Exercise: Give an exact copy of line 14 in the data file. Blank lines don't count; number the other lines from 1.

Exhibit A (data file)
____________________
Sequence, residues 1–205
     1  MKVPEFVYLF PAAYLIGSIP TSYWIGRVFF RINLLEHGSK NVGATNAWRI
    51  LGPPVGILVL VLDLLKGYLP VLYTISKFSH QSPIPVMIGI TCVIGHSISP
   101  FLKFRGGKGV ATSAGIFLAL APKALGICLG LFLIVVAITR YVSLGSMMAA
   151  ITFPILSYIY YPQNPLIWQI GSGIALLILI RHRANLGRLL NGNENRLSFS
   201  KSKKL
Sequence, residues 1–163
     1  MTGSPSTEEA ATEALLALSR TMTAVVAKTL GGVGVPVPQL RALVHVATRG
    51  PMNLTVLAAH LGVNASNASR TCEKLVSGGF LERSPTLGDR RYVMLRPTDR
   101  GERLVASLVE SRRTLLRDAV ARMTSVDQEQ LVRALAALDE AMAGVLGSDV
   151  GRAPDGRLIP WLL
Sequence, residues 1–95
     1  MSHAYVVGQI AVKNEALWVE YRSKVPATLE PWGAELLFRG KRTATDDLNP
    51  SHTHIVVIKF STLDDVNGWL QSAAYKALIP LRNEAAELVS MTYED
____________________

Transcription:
    51  SHTHIVVIKF STLDDVNGWL QSAAYKALIP LRNEAAELVS MTYED